Scope of concurrent energy and health emergencies

Have critical infrastructure workers been quarantined or become ill? Which critical public health facilities and assets (e.g., hospitals, nursing homes, and emergency shelters) are affected by the energy outage and require prioritized restoration? Will worker impacts impede the operation of critical energy equipment?


Public health resource needs

Which resources need to be prioritized for essential energy and utility workers? Will those workers need prioritized access to PPE, testing, or vaccinations? highly specialized job functions that must be performed in person (e.g., generator control room operators) that will need prioritized access to testing, equipment, and vaccines.


Regulatory taking of critical response supplies

Is there a scarcity of critical response supplies the state must garnish and compensate as a regulatory taking?

STEP 3: Determine the Execution of Actions

When the preliminary scope, scale and nature of the event have been determined, Governors can work with their staff, federal government, and industry to determine a response. These actions, such as fuel and permit waivers, may include movement of people and goods; transportation of restoration and recovery equipment; allowance of adverse environmental impacts that may not otherwise be tolerable; and the deployment of communications, emergency response and other support services.

HAVE YOU CONSIDERED?

  • Developing executive order templates?
  • Implementing feedback mechanisms to share information with local governments so that they can stay abreast of the situation?

Governors have a few options for how to act in the event of an energy emergency:

Formal action:

  • Declare a state of emergency or an energy emergency (if the Governor has that authority).
  • Activate State Emergency Operations Center.
  • Issue an executive order, proclamation or other, equivalent executive directive.
  • Issue related response-enabling executive orders like suspensions of identified economic, environmental or transportation regulations as described in Step Two.
  • Request federal assistance if needed. If a Governor requests a federal emergency declaration to unlock federal resources under the Stafford Act, FEMA requires a damage assessment outlining the nature and extent of state resource exhaustion.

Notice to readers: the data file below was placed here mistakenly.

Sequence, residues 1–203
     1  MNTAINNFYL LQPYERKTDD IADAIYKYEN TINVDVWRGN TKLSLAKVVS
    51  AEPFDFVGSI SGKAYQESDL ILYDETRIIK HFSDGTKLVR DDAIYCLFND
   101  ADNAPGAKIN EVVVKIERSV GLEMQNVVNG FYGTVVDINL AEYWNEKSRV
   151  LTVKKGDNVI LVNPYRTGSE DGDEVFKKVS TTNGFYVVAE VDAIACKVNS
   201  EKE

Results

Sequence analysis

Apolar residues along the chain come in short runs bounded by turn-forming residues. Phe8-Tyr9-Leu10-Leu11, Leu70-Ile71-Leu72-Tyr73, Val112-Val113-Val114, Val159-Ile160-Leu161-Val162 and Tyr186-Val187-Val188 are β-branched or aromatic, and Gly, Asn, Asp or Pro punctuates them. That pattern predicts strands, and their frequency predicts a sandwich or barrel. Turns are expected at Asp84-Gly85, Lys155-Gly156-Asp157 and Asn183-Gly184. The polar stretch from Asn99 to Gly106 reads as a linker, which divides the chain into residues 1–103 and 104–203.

Informal action:

  • Partially or “soft” open an emergency operations center so personnel can monitor conditions in a partially activated state, even if a full emergency declaration has not yet been issued.
  • Issue public service announcements.
  • Work with unaffected states or establish interstate coordination including to ensure energy workers have sufficient credentials or waivers to travel freely, access necessary facilities, and assist in restoration without interruption.
  • Leverage relationships with state officials, other Governors, businesses, etc.
  • Work with the media to provide timely public updates and guidance. Coordinate public messaging with industry.
  • Delegate responsibility to state agencies.

No action:

  • Although this road map focuses heavily on Governors’ use of executive action, some events may not warrant an emergency declaration.
  • In this instance, Governors should continue to monitor the situation and determine whether they need to reevaluate the state’s role in response and recovery if the circumstances change.

DOE Energy Waiver Library

During energy emergencies, alleviating regulatory restrictions through waivers can expedite response and restoration and avoid delays. Temporarily forgoing enforcement of certain safety, environmental and statutory requirements, when appropriate, can accelerate response efforts, restoring power and moving fuel more quickly to affected citizens. The Department of Energy’s Energy Waiver Library gathers, categorizes, and illustrates energy sector waivers of regulation and standards from across six granting agencies. The library clarifies special permits or waived enforcement of requirements for generation, fuel use, fuel transportation and distribution, and clean up and event recovery. This central location includes background on the energy response waiver or special permit, examples of past use, links to previously issued waivers, and an appropriate point of contact from whom to request such waivers should the need arise. Access the Energy Waiver Library at: https://www.energy.gov/ceser/energy-waiver-library